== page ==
Not much, really. But there are a few things that are rather icky.

Old men pee in public. You'll be driving down the highway and see a guy with his back to the road. And little boys with their fathers will pee on statues. Ick.

Spitting....yuck, ick. Everywhere.

Slurping and smacking while eating. Yes...the food is really good and worth smacking your lips over, but it is somewhat overwhelming. However, understandable. The food is sticky. Think about sweet and sour pork.

Pushing. Wow...the train station door opens and all 900 people who will take the bullet train smush toward the door at once. You have to push too to get on or be lost in the trample.

Pushy street vendors. Major and I have often been the only non-Chinese on shopping streets and EVERYONE wants to sell us something. While bargaining is sometimes fun, you have to constantly be telling people No. Actually, the term is something like BuYa. (Our guide told us to remember the first two letters of Bush and Yao Men. I say BuYa a lot, but I really mean "bug off."

Hard beds. Even fine hotels have hard beds. Literally just a thin pad on boards. I love hard beds normally, but this is ridiculous!

But there's so much more to love!

Tuesday, November 18, 2008

Did you know?

With my visit to India and then to China, I found myself returning to the "Did you know" presentation on You Tube. I've got somewhat slow access to the Internet today in the "medium sized city" of Hangzhou so I've not watched this update of the first one that provided amazing stats about the US compared to China and India.

By the way, a medium-sized city has just 6 million people, while the large cities (Shanghai and Beijing) have over 15 million!

My head is swimming with thoughts about China. For example, prior to Mao, China had just 400 million people. Under Chairman Mao, who believed that the country could dominate with more people, the country quickly doubled to 800 million. But then, with the cultural revolution a "one family/one child" policy was initiated. If the first child is a girl, then 4-5 years later, the family can try again. If the child is a boy, that's all the family can have.

The implications of this population growth: 1) all children are tremendously spoiled. One of our guides told us that children are both spoiled and unprepared to share or collaborate unless taught this in university; 2) girls are spoiled too, but they are somewhat "2nd class," 3) there will not be enough children to earn/pay for the larger population that preceded them. Systems thinking would have helped in this case, eh?

But what a wonderfully dynamic, while steeped in history, place China is. Stay tuned for blogs on construction, food, and culture.

Monday, November 17, 2008

Cormorant Fishing

In the river villages of China, there is a way of fishing that is both lovely, and not to SPCA standards.

Cormorant fishing is a way the fisherman is able to catch lots of fish, in rivers and lakes, where apparently the fish are too smart to take bait on a line and a net won't work because of the rocks. The You Tube link shows this being done graphically. I'll explain what we were told.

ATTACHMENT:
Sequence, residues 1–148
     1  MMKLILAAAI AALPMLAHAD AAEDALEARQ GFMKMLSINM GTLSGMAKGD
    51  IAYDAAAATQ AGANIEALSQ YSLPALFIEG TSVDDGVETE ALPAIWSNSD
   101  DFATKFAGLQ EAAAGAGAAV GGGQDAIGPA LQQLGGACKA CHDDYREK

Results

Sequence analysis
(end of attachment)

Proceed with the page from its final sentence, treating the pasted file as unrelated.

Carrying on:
The fisherman raises the cormorants from being hatched from the egg. They become a part of the family and they are loved and cared for. They don't run away. Here's a picture of a fisherman's cormorant crew.
At night, the fisherman goes out with his crew and the cormorants skim the water and catch fish in their beaks and then bring the fish back to the fisherman. Now, here's the non-SPCA component: the fisherman ties a rope around the bird's neck so that it can only swallow little fish but not the big fish. This way, everyone gets fed!

Saturday, November 15, 2008

Great Wall of China

Today we visited the Great Wall. This amazing wonder of the world is 6,400 km long. The easiest part for tourists to visit is about 70 km from Beijing. It is so easy, that 100,000 people visit the wall every day! I know I use the word, "amazing" too often, but this truly is. In this picture, off to the right of me are just a few of those thousands trekking up the final piece before reaching watchtower #8 at Badaling. Last night I badly stubbed my toe and as it was complete black and blue this morning, we decided not to walk from watchtower #1 to the top. That trek would take about three hours. Instead, we opted for taking the gondola to tower #7 and then just climbed the last piece. It was a glorious day. Today is Saturday, and even in Beijing, it was blue sky. When people aren't commuting to work, the smog is considerably less. In fact, Beijingers are dealing with smog in several ways. First, during the Olympics, each day, they only allowed even or odd licenses to drive on even and odd days. Now, they don't allow two final digits to commute each day, thus cutting traffic by 20%. I find myself saying, "those clever Chinese" too often.